Alpine skier Morii supported by Toyota technology

Wednesday , March 14, 2018 - 8:30 AM

(c) 2018, The Japan News/Yomiuri.

Alpine skier Taiki Morii, 37, has a partner in his quest for gold at the Pyeongchang Paralympics - a sit-ski developed by a team of company engineers, including Morii’s firm of Toyota Motor Corp., which applied automotive technologies to its design.

The sit-ski was developed to enable quick turns while maintaining its speed, the team said.

Morii’s first event at Pyeongchang was the men’s sitting downhill on Saturday. He failed to pick up speed in the first half of the race, but recovered and won the silver medal, telling himself, “I’m riding on the fastest sit-ski anyone has got.”

Morii joined Toyota in the summer of 2014, shortly after the Sochi Games, and asked the automaker to develop the world’s best sit-ski with Toyota technology. About 40 people, including Toyota engineers, gathered to develop the equipment with Nissin Medical Industries Co., an Aichi Prefecture-based company that has developed sit-skis.

“All possible ‘excess fat,‘ such as the width and thickness of components, was removed,” said Tomohito Enomoto, a 35-year-old Toyota employee in charge of designing the sit-ski.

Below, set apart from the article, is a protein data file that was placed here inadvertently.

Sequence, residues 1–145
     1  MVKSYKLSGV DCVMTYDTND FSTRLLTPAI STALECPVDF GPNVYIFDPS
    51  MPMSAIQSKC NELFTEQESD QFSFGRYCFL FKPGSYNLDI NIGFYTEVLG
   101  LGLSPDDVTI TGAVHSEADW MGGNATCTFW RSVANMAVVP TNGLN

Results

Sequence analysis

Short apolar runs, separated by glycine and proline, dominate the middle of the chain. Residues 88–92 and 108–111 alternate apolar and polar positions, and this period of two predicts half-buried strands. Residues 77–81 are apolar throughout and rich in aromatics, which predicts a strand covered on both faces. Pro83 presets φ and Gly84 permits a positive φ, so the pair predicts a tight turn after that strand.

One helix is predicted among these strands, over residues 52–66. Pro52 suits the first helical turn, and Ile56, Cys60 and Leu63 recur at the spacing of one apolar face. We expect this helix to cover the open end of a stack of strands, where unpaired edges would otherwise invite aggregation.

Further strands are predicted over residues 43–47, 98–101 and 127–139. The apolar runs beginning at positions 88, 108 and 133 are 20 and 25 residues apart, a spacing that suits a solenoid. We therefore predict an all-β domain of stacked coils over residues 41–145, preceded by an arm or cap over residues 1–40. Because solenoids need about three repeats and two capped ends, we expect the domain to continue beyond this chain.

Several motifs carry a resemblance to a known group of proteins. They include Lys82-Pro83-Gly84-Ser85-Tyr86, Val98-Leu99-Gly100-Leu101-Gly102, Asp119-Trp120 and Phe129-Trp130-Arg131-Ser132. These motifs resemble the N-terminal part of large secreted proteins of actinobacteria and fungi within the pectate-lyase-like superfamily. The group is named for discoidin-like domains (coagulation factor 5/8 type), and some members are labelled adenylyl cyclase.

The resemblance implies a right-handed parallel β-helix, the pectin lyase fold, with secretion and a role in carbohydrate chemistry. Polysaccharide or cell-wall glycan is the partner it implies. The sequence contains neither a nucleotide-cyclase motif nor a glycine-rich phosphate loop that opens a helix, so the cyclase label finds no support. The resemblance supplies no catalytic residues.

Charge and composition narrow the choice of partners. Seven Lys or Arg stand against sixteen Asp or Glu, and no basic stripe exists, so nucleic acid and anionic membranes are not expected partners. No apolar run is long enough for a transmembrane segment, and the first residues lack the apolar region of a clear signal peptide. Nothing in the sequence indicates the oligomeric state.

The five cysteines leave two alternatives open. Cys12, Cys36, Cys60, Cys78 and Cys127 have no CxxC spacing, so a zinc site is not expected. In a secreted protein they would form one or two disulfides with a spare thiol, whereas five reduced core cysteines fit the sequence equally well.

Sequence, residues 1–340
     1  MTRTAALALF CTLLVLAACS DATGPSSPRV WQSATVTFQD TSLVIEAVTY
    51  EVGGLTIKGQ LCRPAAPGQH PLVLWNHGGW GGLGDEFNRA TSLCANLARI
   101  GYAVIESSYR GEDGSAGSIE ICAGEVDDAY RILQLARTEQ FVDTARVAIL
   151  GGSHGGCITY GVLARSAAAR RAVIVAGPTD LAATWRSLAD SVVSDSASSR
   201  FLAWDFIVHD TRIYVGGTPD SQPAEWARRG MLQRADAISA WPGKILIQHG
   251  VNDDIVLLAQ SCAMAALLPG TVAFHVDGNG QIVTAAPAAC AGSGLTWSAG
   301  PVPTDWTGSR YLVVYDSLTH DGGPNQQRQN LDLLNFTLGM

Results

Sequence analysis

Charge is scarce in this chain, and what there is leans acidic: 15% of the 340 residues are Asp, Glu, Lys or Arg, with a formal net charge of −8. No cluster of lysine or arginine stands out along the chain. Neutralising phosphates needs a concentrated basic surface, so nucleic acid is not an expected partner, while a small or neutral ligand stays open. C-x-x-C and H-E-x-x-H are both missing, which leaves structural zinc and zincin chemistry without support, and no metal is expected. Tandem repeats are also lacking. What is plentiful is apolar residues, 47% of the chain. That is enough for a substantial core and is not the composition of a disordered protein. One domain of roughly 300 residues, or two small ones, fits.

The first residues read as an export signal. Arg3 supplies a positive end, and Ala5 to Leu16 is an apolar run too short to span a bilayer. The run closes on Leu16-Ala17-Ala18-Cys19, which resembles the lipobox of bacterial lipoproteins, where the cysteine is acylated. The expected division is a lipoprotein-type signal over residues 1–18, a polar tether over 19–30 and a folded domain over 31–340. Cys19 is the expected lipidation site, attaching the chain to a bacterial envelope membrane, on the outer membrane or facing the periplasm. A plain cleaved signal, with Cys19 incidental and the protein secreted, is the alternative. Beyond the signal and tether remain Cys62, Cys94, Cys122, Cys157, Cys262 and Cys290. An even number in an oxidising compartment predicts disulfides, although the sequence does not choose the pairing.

To enable quick turns, it was essential to trim the weight of the sit-ski as well as reinforce its rigidity to prevent it from bending under a heavy load. Enomoto said the development involved “work to balance two contradicting elements.”

The team examined precisely how force is applied to the components by having Morii ski downhill with sensors attached to him. It used computer software for automobile development in its analysis, and worked diligently to find “fat” that could be removed while maintaining rigidity.

About two years after the team started development, it had successfully reduced the weight of the sit-ski by 15 percent from a conventional model and increased the rigidity to three times the standard.

Nissin employee Yoshihisa Yamada, 43, said, “It’s significant that specific indicators were identified through Toyota’s analysis.”

Before the Pyeongchang Games opened, the team received a message from Morii, saying, “I can compete without any worries.” Enomoto said, “I want him to give courage to people with similar challenges [to Morii’s].”


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